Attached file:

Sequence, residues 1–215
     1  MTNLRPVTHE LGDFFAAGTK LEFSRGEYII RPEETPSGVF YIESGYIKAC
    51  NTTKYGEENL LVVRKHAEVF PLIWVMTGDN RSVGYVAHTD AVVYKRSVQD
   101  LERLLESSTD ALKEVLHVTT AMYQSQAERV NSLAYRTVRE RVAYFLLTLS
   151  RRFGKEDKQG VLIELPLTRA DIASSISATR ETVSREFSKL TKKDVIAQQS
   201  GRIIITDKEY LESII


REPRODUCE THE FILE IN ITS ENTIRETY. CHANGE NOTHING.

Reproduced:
Sequence, residues 1–215
     1  MTNLRPVTHE LGDFFAAGTK LEFSRGEYII RPEETPSGVF YIESGYIKAC
    51  NTTKYGEENL LVVRKHAEVF PLIWVMTGDN RSVGYVAHTD AVVYKRSVQD
   101  LERLLESSTD ALKEVLHVTT AMYQSQAERV NSLAYRTVRE RVAYFLLTLS
   151  RRFGKEDKQG VLIELPLTRA DIASSISATR ETVSREFSKL TKKDVIAQQS
   201  GRIIITDKEY LESII